Alex Hunter: Lord of the Mind 

Alex Hunter is your typical Private Eye or some might prefer the term of Gumshoe. Typical that is if you exist in a world inhabited by characters created by authors such as Mickey Spillane and Raymond Chandler. This slightly more refined Private Eye, than those Spillane and Chandler originals, is your role in the Epic Star developed game of Alex Hunter Lord of the Mind.

Alex Hunter Lord of the Mind
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Available as the Platinum version from Alawar, Alex Hunter: Lord of the Mind belongs to the Hidden Object Adventure genre.  I presume that the “Platinum” designation is just another way of stating that this is a Collector’s version as the game as both contains similar bonus items.  Some of these bonus items, such as concept art, music and a secret room, can only be accessed once the main game has been completed.  However you can immediately check out the selection of available wallpaper, view any awards that have been obtained and access the integrated Strategy Guide.

As part of your game profile, you can make adjustments to the volume levels for music and sound effects which includes the spoken dialogue used throughout the game.  Other options include playing in full screen mode with a custom cursor that changes shape to indicate when different actions are possible plus a choice of Casual or Expert difficulty levels.  In Casual mode you get a faster charging of the Hint and Skip features along with a tutorial plus you will only need to find 25 of the 35 secret symbols hidden in the game in order to unlock a bonus chapter.  Expert mode has no tutorial and requires you to find all of the 35 secret symbols.

In your role of the Private Eye Alex Hunter, you accept the case of locating a missing professor.  This is Professor Isaac Patterson.  You are asked to discover what has happened to him by his daughter Emily Patterson whose dress mode clearly places this investigation in the period of the 1920’s so beloved of crime novelists such as the aforementioned Spillane and Chandler.

Presenting you with a full screen view of well drawn scenes based around the Professor’s home, work environment and other locations, during the Adventure element of this game, you can take advantage of a cursor changing change to indicate possible actions, such as examine and interact, while having access to various tools positioned across the bottom of the screen.  In the left corner are your journal, which automatically records your discoveries and important clues plus allowing you to check back on this information at any time, and a compass which acts as entry to a map of the surrounding area.  This is the type of map that can save you a great of work by transporting you between locations rather than forcing you to backtrack through a series of rooms.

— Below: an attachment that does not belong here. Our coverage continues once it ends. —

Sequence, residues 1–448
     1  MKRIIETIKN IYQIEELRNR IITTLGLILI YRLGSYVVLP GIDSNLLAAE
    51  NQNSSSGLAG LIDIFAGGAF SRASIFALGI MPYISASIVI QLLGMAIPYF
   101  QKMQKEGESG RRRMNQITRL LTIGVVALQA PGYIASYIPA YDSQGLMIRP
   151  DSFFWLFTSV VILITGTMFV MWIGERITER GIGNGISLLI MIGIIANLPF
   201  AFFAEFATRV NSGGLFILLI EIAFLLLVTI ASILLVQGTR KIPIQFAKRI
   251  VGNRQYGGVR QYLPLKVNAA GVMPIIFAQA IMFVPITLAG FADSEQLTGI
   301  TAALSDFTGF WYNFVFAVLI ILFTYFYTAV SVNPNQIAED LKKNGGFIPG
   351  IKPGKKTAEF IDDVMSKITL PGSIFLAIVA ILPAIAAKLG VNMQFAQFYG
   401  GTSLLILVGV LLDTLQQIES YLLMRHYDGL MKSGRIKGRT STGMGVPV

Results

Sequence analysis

The right corner houses the rechargeable Hint feature and the game’s Strategy Guide which is represented by a pair of walking feet.  The Strategy Guide also covers the locations of the secret symbols.  Hidden until it is accessed and brought into play by the mouse cursor, the inventory is centrally position across the bottom of the screen.  Any items that are required on more than one occasion will be automatically returned to the inventory after each use until they are no longer required.

When you need to zoom into an area or object for a closer look then an overlaid window will appear.  Sometimes this overlaid window will close automatically when no longer required but this is not always so and you will need to carry out this task manually.  One exception to this is when tackling a Hidden Object scene which takes over the full screen.  Again the scene is well drawn with occasional snippets of animation.  Running across the bottom of the scene is a list of 12 different items which need to be located.  Any item in the list coloured red means that some action will be required before it can be selected.  You might need to open a container, paint a picture or make a cup of tea in order to reveal the required item.  One of the items found will be added to the inventory as a reward for completing each Hidden Object scene,

At various points during the story line, which expands to include a sewer and hospital, you will be faced by puzzles in the form of mini games.  Although not always innovative, some thought has gone into making these interludes appropriate to the current situation.  If needs be, there is always the Skip option in case a mini games proves too difficult.

Spread over nine chapters or sections, this game is certainly challenging and draws you into the story line.  You will need to explore a range of locations gathering the tools and clues required to make further progress.  Several sessions will be required to complete the main game and open up the bonus chapter plus the secret room.  You can download a 60-minute trial version before making a decision whether to purchase the unrestricted copy of the game.  Alex Hunter Lord of the Mind requires a 2.5GHz processor with 1024MB of RAM and 1190MB of hard disk space running Windows XP and later.

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OverallAlawar Alex Hunter: Lord of the Mind rated 80 out of 100

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